"Events are moving now toward a military showdown in Vietnam - with a decision to be made by combat... The question at this time is whether the coming crisis will be resolved in South, middle or North Vietnam. As the showdown approaches, the U.S. finds itself involved in three forms of war in Southeast Asia":
- from Amazon:
• An anti-guerrilla war in southern South Vietnam.
• A base-defense war in northern South Vietnam.
• An anti-logistics war in southern North Vietnam."
The military man who penned this article weighs all these scenarios and also discusses the nuclear option.
This article was published six weeks after 32,000 military personnel landed at Danang and the big unit war began:
"A showdown with Communists in Asia is approaching fast. The U.S. offer of peace just got a short shrift from the Reds. Talk is not of peace , but a bigger war. The U.S. is determined to stand firm, no matter what. The strategy is to put more pressure on the enemy - making the cost unbearable. The hope is that the Reds will back off, but top U.S. officials are getting ready for the worst."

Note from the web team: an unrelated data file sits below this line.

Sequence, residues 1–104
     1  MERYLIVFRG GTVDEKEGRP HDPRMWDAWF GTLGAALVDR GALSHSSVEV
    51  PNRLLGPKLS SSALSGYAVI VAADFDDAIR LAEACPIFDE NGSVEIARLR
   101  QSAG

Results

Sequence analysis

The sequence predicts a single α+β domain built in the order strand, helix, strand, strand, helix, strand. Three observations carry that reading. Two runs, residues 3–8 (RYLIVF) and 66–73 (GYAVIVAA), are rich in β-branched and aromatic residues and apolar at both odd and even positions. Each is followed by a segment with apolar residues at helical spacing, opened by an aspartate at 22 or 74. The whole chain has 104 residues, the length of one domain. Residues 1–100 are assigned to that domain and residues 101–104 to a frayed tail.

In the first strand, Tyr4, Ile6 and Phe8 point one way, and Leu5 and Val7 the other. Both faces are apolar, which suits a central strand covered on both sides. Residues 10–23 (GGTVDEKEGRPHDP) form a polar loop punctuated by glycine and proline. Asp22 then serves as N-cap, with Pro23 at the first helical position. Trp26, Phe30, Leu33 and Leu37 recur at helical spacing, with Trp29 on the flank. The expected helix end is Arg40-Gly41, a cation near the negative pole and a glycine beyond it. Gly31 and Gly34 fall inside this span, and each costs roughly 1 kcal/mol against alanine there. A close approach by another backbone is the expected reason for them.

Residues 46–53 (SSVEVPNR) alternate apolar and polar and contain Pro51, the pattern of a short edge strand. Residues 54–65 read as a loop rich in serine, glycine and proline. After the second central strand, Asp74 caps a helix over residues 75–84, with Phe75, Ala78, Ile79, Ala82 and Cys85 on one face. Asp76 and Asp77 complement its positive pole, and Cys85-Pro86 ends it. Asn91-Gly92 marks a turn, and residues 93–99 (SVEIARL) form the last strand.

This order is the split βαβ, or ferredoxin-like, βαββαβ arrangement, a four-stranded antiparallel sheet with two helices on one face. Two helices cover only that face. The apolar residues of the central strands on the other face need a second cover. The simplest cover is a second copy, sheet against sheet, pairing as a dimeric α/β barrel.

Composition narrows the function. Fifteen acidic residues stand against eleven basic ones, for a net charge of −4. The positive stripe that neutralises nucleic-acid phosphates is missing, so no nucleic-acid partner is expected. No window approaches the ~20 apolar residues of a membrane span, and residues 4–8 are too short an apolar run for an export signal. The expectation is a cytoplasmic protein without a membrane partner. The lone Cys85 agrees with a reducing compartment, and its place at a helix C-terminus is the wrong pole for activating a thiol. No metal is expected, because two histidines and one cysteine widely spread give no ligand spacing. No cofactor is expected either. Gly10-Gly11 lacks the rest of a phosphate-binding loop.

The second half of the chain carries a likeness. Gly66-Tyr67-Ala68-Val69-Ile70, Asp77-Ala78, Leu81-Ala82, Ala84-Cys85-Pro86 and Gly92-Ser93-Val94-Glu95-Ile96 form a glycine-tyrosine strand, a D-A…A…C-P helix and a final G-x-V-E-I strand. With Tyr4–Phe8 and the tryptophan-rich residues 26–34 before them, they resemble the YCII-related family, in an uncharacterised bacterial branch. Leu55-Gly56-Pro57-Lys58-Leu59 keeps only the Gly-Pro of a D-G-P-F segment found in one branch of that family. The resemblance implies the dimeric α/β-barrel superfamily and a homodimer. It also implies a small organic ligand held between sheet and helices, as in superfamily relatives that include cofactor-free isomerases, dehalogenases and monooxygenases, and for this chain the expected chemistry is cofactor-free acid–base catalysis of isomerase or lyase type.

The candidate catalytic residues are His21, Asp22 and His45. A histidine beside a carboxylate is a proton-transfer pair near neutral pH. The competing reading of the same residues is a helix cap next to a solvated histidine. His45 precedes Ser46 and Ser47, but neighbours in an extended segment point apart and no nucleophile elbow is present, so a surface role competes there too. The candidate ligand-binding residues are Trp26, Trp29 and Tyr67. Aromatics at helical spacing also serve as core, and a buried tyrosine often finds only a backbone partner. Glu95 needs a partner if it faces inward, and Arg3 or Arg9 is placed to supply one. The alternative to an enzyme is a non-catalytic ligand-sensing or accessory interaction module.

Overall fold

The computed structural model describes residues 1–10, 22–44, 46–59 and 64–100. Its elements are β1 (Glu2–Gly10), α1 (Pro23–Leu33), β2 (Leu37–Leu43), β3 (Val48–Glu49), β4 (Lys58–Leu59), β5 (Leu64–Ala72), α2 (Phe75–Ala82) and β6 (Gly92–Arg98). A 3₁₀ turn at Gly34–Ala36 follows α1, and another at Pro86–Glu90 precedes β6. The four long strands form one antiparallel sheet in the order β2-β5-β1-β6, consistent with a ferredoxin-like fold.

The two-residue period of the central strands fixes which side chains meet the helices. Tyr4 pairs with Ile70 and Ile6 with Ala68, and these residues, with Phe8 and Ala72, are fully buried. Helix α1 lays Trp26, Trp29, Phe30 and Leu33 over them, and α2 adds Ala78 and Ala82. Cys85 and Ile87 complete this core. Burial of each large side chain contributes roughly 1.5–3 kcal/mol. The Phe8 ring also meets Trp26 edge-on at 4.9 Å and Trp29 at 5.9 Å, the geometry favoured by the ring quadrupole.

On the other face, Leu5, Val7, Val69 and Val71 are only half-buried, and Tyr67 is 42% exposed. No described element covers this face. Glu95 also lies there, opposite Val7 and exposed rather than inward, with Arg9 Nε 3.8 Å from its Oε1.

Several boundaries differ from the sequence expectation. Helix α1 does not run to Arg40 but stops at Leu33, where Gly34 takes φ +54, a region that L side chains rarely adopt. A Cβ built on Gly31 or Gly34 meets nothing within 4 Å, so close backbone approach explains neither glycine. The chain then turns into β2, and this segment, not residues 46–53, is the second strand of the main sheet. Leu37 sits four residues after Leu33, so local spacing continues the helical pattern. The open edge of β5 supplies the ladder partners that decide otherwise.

Using a public forum, retired U.S. Air Force General Edward Lansdale (1908 – 1987) proposed a plan for the withdrawal of American and Allied Forces from Vietnam - a plan that came to be known as "Vietnamization".
Throughout the course of the Vietnam War there was no greater Hawk on Capitol Hill than United States Senator Barry Goldwater (1909 - 1998). In the attached interview from 1966 the Senator chastises President Johnson for failing to seize the initiative and correctly predicted that if the Americans did not show greater pugnacity, they would be "run out of South Vietnam".
You can read more about Senator Barry Goldwater here...
"While thousands of American men lay down their lives in a cruel jungle war, our own president is urging us to trade with the Kremlin that is financing this war and providing the main source of supply to the enemy."
"[Here is] a portrait of the war by those who know it best - the men at the front... In these affecting pages are the unadorned voices of men and women who fought – and, in some cases, fell – in America’s most controversial war. They bring new insights and imagery to a conflict that still haunts our hearts, consciences, and the conduct of our foreign policy."